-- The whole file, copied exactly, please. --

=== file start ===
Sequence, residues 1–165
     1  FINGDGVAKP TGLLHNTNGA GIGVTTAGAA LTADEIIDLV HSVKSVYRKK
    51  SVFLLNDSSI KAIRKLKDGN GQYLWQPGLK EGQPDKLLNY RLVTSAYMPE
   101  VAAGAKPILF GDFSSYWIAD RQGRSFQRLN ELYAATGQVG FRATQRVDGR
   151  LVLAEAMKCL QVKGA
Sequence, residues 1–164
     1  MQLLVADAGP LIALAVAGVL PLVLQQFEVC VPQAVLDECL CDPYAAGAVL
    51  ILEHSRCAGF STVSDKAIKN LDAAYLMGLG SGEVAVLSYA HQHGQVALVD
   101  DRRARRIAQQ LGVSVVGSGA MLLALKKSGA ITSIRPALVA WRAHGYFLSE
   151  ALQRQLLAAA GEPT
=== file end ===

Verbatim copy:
Sequence, residues 1–165
     1  FINGDGVAKP TGLLHNTNGA GIGVTTAGAA LTADEIIDLV HSVKSVYRKK
    51  SVFLLNDSSI KAIRKLKDGN GQYLWQPGLK EGQPDKLLNY RLVTSAYMPE
   101  VAAGAKPILF GDFSSYWIAD RQGRSFQRLN ELYAATGQVG FRATQRVDGR
   151  LVLAEAMKCL QVKGA
Sequence, residues 1–164
     1  MQLLVADAGP LIALAVAGVL PLVLQQFEVC VPQAVLDECL CDPYAAGAVL
    51  ILEHSRCAGF STVSDKAIKN LDAAYLMGLG SGEVAVLSYA HQHGQVALVD
   101  DRRARRIAQQ LGVSVVGSGA MLLALKKSGA ITSIRPALVA WRAHGYFLSE
   151  ALQRQLLAAA GEPT